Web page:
“Kyle Yorlets was many things to many people: a soundboard, a mentor, a boyfriend, a wonderful musician, a confidant, an encourager, a day brightener, a friend. . . . We are standing together as a community to show those who could commit such a heinous crime against another human the love that Kyle shared in this word. . . . We love you, Kyle, just as much as you loved us.”

A public memorial will be held on Feb. 11, 2019 at Belmont University’s chapel.

“Currently there are 185 inmates in Tennessee prisons serving life sentences for crimes committed when they were teens.  Seven were 14 at the time of their crimes.” Source: Natalie Neysa Alund and Adam Tamburin, Prosecutors seek to charge 5 juveniles as adults in robbery and shooting death of Nashville musician (Tennessean — Feb. 8, 2019).

The mugshots have been released of three of the suspects: Roniyah McKnight, 14, a girl; Diamond Lewis, 15, a boy, and Decorrius Wright, 16, a boy.  The names of a 12-year-old girl and a 13-year-old boy have not been released because Tennessee law prohibits the identification of suspects age 13 or under.

Source: Snejana Farberov, Five children between ages 12 and 16 are charged with MURDER in shooting death of Nashville musician during robbery-gone-bad (The Daily Mail — Feb. 8, 2019).

It was reported that all five suspects will be charged with criminal homicide.

According to the U.S. Office of Juvenile Justice and Delinquency Prevention (OJJDP), juvenile arrests for murder have increased since 2012.  The OJJDP reported:

“The juvenile murder arrest rate fell 44% between 2007 and 2012, when it reached its lowest level since at least 1980.  This decline was followed by an 18% increase through 2016.”

The OJJDP reported during 2016 there were 850 juveniles charged with murder and non-negligent manslaughter.  Of these juveniles, nine percent were female, nine percent were younger than age 15 and 36 percent were white.

Source:   Juvenile Justice Statistics: National Report Series Bulletin (OJJDP — December 2018), found at

A briefing paper reviewed United States Supreme Court precedents involving Juvenile Life [Sentences] Without Parole (JLWOP).  The paper is  titled Juvenile Life Without Parole: An Overview (The Sentencing Project — Oct. 22, 2018).  The paper noted: “Most of the approximately 2,100 individuals sentenced mandatorily as juveniles without the possibility of parole now have a chance for release in the wake of recent Supreme Court decisions.”  The paper further noted:

∗     The United States Supreme Court ruled in a 5-4 vote in 2005 that juveniles cannot be sentenced to death.  Roper v. Simmons, 543 U.S. 551 (2015).  The Court reasoned that the death penalty is a disproportionate punishment for the young; immaturity diminishes their culpability as does their susceptibility to outside pressures and influences.  The Court held that the nation’s “evolving standards of decency” showed that the death penalty for juveniles was cruel and unusual punishment.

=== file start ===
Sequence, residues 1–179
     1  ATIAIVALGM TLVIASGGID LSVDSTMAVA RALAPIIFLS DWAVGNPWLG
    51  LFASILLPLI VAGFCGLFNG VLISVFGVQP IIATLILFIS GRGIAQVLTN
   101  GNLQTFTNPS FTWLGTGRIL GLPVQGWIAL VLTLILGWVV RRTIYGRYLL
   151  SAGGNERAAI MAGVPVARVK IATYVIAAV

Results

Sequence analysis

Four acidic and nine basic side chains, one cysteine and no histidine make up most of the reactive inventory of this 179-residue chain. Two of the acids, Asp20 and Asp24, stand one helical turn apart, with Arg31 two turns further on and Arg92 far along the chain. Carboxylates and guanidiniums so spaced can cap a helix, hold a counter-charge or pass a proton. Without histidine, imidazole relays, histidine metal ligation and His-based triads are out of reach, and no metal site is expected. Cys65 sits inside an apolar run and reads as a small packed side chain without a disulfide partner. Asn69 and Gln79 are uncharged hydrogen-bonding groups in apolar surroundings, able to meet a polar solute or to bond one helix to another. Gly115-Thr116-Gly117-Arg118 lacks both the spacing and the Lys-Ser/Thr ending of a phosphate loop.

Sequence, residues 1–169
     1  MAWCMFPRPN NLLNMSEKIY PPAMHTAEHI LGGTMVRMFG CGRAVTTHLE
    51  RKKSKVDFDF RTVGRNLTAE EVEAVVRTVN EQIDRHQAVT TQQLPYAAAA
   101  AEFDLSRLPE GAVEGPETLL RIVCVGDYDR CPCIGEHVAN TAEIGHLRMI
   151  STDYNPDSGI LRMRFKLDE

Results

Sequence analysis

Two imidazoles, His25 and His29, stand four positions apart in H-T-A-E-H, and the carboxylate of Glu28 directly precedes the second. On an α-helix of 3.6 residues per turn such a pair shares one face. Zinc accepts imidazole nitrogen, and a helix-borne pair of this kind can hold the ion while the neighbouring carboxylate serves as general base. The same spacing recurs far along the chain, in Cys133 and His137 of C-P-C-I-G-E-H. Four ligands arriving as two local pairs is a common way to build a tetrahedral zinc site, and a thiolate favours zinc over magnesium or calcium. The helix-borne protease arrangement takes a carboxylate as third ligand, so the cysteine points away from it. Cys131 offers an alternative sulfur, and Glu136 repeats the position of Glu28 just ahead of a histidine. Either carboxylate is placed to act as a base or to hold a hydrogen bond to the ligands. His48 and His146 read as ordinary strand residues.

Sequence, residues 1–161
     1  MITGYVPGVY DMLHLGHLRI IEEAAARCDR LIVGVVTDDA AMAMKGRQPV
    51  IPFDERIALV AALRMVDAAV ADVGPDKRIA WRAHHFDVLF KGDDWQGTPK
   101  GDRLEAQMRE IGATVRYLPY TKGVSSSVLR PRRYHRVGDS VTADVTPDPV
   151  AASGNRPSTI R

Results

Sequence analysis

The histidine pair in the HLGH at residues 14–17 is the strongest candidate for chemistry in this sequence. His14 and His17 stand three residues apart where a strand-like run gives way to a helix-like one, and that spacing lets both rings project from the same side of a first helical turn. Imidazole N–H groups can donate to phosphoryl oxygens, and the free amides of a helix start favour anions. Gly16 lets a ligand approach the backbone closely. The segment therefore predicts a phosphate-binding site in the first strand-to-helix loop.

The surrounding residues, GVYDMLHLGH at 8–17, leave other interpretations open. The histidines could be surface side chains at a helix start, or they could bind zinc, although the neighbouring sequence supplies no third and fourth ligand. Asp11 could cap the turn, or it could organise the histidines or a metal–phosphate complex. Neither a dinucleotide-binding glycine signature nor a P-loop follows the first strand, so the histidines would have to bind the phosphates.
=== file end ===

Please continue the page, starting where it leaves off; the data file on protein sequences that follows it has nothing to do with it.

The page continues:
Having banned the use of the death penalty for juveniles, in 2010 the Court held in a 5-4 opinion that the sentence of life without parole was the harshest sentence that could be imposed for offenses committed by persons under age 18.  Graham v. Florida, 560 U.S. 48 (2010). The Court banned the use of life without parole for juveniles not convicted of homicide. (Many states have banned or limited the use of juvenile life without parole sentences.)

∗     In Miller v. Alabama, 567 U.S. 460 (2012), a 5-4 opinion, the Court held that for juveniles a mandatory life sentence without parole violated the Eighth Amendment. The Court held that judges must be able to consider the characteristics of juvenile defendants in order to issue a fair and individualized sentence.  The Court stated that adolescence is marked by “transient rashness, proclivity to risk, and inability to assess consequences,” all factors that should mitigate the punishment received by juvenile defendants.

∗     In 2016, in a 6-3 opinion, the Court affected mandatory sentencing laws in 28 states and the federal government.  Montgomery v. Louisiana, 136 S.Ct. 718 (2016).  The Court noted that states inconsistently interpreted Miller’s retroactivity; 14 states rules that Miller applied retroactively while seven other states ruled that Miller was not retroactive. The Court noted that “children are constitutionally different from adults in their level of culpability” and that the severest punishment must be reserved “for the rarest of juvenile offenders, those whose crimes reflect permanent incorrigibility.”